Cafe Salween already earned a distinct spot in Yangon’s F&B landscape. Its modern reimagination of timeless Burmese food and a wicked collection of hot and cold coffees have made it a heartthrob among foodies and coffee lovers.

So, when it ventured into the highly contested (and already congested) rooftop bar arena with Salween 180, it got our attention. Sitting on the eighth floor of the Parkside One Building, it surely cannot excel in altitude game while many established places are above the 10th storey (Atlas is on the 12th and Yangon Yangon, soaring 20th!). But height is not the only deciding factor in this game.

View-wise, the terrace is divided into two partitions each with its own attraction. The wider part has a vista of the majestic Shwedagon Pagoda gleaming under the sun. This part is also more lounge-like with couches and long tables. It is better for people who come for food and in groups. The narrower segment is complete with tall seats and a wooden counter. It offers a sombre sunset scene, perfect for lone wolves to spend the long evening with a drink in hand watching the sun as it melodramatically sinks into the horizon.

I was seated at a table with a pagoda view. When I skimmed the menus, I saw many familiar items that made its older sister famous. The coffee and desserts are also there. The additions are, obviously, cocktails and wines. Understandably, the small plate section has a wider selection that its cafe counterpart and many of them make nice drink food such as prawn balls and fried pork ribs. I ordered Baked Fish with Kachin Herbs in Banana Leaves (Ks8,000) and a Shan Hills are Calling cocktail (Ks9,500) for pairing.

The cocktail came first. The staff poured the mixture of Campari and Shan tea into the glass through the dried orange peel that covered its rim. The black specks were just ground tea leaves and were completely harmless. I could sense the refreshing trace of lemon and the bittersweetness of Shan tea, Campari, Bacardi and honey. Easy to drink yet packed a punch, it was appetising, too.

The fish came after 15-20 minutes. The diced and boneless butterfish was mixed with savoury herbs, chili and garlic. The herbs helped with the fatty fish and the banana leaves enhanced the flavour. Fish curries are Cafe Salween’s selling points but baked fish has its own perks, like the cleaner taste and flavour profiles. It also tingled my taste buds and prepared me for a larger meal.

And for it, I selected Laphet Pork Chop (Ks15,000) from the main dish section. Laphet (tea leaves) and pork are regarded as food royalties in Burmese cuisine. So, I wanted to see how their marriage in plate turn out.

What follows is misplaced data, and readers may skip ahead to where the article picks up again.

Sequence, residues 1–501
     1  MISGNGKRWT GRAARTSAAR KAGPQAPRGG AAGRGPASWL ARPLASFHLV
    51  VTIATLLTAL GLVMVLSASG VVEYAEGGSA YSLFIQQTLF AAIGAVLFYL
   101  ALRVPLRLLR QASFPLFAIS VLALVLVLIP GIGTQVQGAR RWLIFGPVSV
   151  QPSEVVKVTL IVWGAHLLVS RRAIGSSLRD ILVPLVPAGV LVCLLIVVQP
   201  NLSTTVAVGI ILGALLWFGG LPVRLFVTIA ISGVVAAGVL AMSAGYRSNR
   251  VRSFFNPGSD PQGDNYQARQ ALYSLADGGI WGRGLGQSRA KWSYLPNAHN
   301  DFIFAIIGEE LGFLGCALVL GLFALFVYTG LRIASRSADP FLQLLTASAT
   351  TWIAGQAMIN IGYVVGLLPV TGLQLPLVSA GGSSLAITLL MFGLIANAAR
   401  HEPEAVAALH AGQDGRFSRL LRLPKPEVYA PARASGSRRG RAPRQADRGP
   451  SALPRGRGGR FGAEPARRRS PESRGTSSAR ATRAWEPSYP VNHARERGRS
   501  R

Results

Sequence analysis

After the first meal, it was well over 5 pm. The sun became softer and the evening breeze brought a cold comfort that was the life of every rooftop establishment. And I could feel the Shan Hills working its magic.

Baked Fish with Kachin Herbs

The large plate came after 20 minutes and I ordered their happy hour cocktail for Thursdays dubbed Yangon’s Rainbow (Ks8,500). The staff explained it was to celebrate the city’s LGBTQ+ community. It contained vodka, tequila, pomegranate juice, midori, etc. The colourful concoction was too sweet for me. It was almost juice! But one cannot deny its Insta-worthy appeal and affability.

The pork was not melt-in-your-mouth but still ok to chew. I found the laphet, chili and garlic smashed and stuffed into the crevice of the meat, giving it a profound taste and flavour. The potatoes were cooked unevenly as some of them were pretty hard. The whole plate was pretty filling. Personally, small plates are more recommended than fast-filling heavy dishes since the place demands you to spend a long time with friends sampling and savouring its many offerings.

The grills needed some time to be prepared, I was told by the staff. So if you love pairing your grill with a cold drink, do not order your drink in advance or it will be warm when the food arrives. The staff was really attentive — I saw them asking every customer whether the food and the drinks were okay. They also offer happy hour deals every day so check with the staff before ordering. The ideal time to visit is after 5 pm.

The one-month-young Salween 180 has a long way to go. But it has many advantages: reasonable pricing, a wide range of appetisers, experience to run a fusion kitchen, etc. Is Salween’s shot at a new high a hit or a miss? Tell us what you think in the comments.

No 271, Parkside One Building, Bagaya Street, Yangon
09 776 774 058
12pm – 11pm

P.S.: In the case of the elements, you can also sit in the main building.


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